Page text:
Figure - available from: Journal of Thrombosis and Thrombolysis
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TEM of wild type and Ala427Thr AT: a wild type AT incubated at 60 °C for 0 min, b 30 min, c 90 min and Ala427Thr variant AT incubated at 60 °C for d 0 min, e 30 min and f 90 min
Antithrombin (AT) deficiency is a rare but strong risk factor for the thrombosis development. Mutations in gene encoding AT (SERPINC1) have provided a detailed understanding of AT deficiency and subsequent development of thrombotic complications. In the present study, we describe a case of thrombotic patient with reduced AT activity and normal AT a...
Thromboembolic diseases are a major cause of mortality in human and the currently available anticoagulants are associated with various drawbacks, therefore the search for anticoagulants that have better safety profile is highly desirable. Compounds that are part of the dietary routine can be modified to possibly increase their anticoagulant potential. We show mannose 2,3,4,5,6-O-pentasulfate (MPS) as a synthetically modified form of mannose that has appreciable anticoagulation properties. An in silico study identified that mannose in sulfated form can bind effectively to the heparin-binding site of antithrombin (ATIII) and heparin cofactor II (HCII). Mannose was sulfated using a simple sulfation strategy-involving triethylamine-sulfur trioxide adduct. HCII and ATIII were purified from human plasma and the binding analysis using fluorometer and isothermal calorimetry showed that MPS binds at a unique site. A thrombin inhibition analysis using the chromogenic substrate showed that MPS partially enhances the activity of HCII. Further an assessment of in vitro blood coagulation assays using human plasma showed that the activated partial thromboplastin time (APTT) and prothrombin time (PT) were prolonged in the presence of MPS. A molecular dynamics simulation analysis of the HCII-MPS complex showed fluctuations in a N-terminal loop and the cofactor binding site of HCII. The results indicate that MPS is a promising lead due to its effect on the in vitro coagulation rate. Communicated by Ramaswamy H. Sarma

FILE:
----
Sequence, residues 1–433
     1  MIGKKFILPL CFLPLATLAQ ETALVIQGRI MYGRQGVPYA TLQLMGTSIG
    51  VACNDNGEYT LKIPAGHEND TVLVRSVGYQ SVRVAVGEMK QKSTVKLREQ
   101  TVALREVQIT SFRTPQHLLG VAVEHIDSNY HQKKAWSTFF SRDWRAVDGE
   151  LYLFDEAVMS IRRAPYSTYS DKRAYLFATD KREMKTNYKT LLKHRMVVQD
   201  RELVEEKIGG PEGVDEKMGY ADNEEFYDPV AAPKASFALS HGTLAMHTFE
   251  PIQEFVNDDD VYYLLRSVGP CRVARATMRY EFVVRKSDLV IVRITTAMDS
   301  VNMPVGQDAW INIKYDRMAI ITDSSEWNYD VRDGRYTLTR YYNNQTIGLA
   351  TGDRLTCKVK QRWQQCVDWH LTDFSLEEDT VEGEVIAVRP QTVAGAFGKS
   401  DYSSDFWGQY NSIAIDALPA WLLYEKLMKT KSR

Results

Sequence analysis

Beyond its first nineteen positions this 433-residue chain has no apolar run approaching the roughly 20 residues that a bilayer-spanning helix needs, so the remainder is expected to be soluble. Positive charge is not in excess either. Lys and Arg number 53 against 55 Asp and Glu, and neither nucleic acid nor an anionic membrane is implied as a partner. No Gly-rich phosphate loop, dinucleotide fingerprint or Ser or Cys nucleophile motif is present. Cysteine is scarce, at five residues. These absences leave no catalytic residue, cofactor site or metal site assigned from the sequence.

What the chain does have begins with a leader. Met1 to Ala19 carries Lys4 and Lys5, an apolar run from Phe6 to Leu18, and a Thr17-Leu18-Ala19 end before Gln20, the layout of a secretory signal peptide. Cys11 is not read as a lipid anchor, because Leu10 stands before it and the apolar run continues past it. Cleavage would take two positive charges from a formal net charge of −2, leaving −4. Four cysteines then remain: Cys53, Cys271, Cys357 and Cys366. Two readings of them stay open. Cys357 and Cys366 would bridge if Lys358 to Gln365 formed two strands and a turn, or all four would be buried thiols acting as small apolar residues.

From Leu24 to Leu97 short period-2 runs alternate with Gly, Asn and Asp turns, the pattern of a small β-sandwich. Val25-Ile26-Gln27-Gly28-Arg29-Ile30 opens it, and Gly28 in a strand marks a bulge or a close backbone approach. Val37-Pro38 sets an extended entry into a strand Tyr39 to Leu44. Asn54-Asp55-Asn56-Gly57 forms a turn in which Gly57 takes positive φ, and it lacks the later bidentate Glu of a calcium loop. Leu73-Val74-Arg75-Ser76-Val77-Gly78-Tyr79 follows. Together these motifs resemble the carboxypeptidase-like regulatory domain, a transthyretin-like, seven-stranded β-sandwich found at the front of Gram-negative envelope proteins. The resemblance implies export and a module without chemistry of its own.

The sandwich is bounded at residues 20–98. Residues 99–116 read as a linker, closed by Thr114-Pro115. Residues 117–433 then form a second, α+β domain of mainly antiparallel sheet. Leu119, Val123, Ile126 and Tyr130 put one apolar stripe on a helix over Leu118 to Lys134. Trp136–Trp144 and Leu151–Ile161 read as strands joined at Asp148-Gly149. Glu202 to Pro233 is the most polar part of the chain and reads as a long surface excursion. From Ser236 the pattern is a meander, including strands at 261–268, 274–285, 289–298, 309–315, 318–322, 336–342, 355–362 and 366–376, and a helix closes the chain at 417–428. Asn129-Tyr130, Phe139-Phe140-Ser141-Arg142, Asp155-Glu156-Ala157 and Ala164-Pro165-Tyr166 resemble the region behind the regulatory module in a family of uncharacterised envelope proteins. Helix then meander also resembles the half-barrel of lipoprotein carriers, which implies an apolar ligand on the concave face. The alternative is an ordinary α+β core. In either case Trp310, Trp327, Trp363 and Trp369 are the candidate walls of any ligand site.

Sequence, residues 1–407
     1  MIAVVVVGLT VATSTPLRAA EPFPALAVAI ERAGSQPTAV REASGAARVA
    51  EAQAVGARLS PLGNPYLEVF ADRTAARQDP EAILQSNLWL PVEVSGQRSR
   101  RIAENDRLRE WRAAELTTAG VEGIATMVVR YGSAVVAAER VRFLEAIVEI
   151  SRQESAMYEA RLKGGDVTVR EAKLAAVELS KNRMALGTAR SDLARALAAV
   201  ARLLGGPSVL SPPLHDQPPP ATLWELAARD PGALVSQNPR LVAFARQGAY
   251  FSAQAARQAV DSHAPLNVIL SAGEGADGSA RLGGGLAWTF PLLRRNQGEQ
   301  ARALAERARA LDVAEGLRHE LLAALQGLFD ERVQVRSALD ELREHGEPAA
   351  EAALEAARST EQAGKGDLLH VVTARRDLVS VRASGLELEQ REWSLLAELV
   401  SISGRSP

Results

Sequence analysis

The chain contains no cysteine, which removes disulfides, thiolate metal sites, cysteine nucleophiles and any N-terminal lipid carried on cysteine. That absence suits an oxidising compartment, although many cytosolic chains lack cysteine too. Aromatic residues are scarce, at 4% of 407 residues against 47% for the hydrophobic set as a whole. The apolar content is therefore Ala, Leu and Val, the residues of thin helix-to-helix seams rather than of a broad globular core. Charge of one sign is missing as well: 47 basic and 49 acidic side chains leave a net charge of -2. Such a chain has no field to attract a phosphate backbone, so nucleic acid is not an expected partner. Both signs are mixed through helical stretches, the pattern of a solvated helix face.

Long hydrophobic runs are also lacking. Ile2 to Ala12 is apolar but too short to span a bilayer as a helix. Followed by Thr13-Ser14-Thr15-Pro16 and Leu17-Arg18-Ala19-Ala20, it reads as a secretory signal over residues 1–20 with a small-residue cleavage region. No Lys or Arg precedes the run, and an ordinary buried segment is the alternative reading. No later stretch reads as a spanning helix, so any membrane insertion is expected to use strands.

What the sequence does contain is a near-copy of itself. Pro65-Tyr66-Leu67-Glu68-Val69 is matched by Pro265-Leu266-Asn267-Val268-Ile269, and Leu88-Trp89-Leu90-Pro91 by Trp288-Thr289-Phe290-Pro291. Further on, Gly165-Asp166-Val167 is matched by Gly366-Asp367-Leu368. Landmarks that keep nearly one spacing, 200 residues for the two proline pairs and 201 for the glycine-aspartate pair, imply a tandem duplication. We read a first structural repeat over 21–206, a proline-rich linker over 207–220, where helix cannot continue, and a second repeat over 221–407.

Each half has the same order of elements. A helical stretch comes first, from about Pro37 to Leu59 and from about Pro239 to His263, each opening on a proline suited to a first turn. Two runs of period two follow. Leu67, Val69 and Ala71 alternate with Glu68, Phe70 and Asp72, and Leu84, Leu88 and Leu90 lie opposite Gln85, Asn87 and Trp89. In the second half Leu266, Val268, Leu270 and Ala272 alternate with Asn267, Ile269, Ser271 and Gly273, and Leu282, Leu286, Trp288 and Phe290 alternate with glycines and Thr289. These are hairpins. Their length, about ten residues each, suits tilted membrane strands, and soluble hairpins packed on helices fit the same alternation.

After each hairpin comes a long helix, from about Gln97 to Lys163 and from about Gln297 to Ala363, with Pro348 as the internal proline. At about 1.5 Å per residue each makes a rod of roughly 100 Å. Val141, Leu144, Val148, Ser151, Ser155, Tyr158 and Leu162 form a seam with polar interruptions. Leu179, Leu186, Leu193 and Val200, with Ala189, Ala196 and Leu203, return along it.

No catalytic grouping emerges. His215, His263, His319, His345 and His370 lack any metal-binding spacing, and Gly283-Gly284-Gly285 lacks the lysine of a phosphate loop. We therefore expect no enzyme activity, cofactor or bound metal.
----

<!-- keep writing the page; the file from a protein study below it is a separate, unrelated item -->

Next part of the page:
Background Antithrombin (AT) is the primary physiological anticoagulant of normal hemostasis. Hereditary AT deficiency, an autosomal dominant thrombotic disease caused by mutations in the AT gene (SERPINC1), is associated with venous thromboembolism. Objective We investigated the phenotypes, genotypes, and pathogenesis of hereditary AT deficiency in a 12-year-old boy (proband) who developed a pulmonary embolism and a subsequent deep vein thrombosis. Methods The AT activity and AT antigen level of the proband and his family members were measured. Mutation sites in all seven exons of SERPINC1 were identified. Analysis of conserved regions around codon 426 of the SERPINC1 gene and functional predictions were performed using bioinformatics tools. Results The proband, his father, and his paternal grandmother demonstrated reduced AT activity and antigen levels consistent with Type I AT deficiency. A novel heterozygous missense mutation, c.1385G >A (Cys462Tyr) was identified in all three symptomatic family members. This missense mutation causes disruption of the 279Cys-462Cys disulfide bond and leads to type Ⅰ hereditary AT deficiency. Conclusion A SERPINC1 missense mutation (Cys426Tyr) causing damage to the 279Cys-462Cys disulfide bond of the AT protein appears to be the cause of Type I AT deficiency in this family. These findings indicate one pathological mechanism associated with hereditary AT deficiency.